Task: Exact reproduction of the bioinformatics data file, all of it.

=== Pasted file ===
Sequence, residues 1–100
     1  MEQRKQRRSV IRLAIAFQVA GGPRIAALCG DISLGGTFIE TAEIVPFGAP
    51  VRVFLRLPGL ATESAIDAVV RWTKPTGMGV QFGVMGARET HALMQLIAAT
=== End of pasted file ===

Sequence, residues 1–100
     1  MEQRKQRRSV IRLAIAFQVA GGPRIAALCG DISLGGTFIE TAEIVPFGAP
    51  VRVFLRLPGL ATESAIDAVV RWTKPTGMGV QFGVMGARET HALMQLIAAT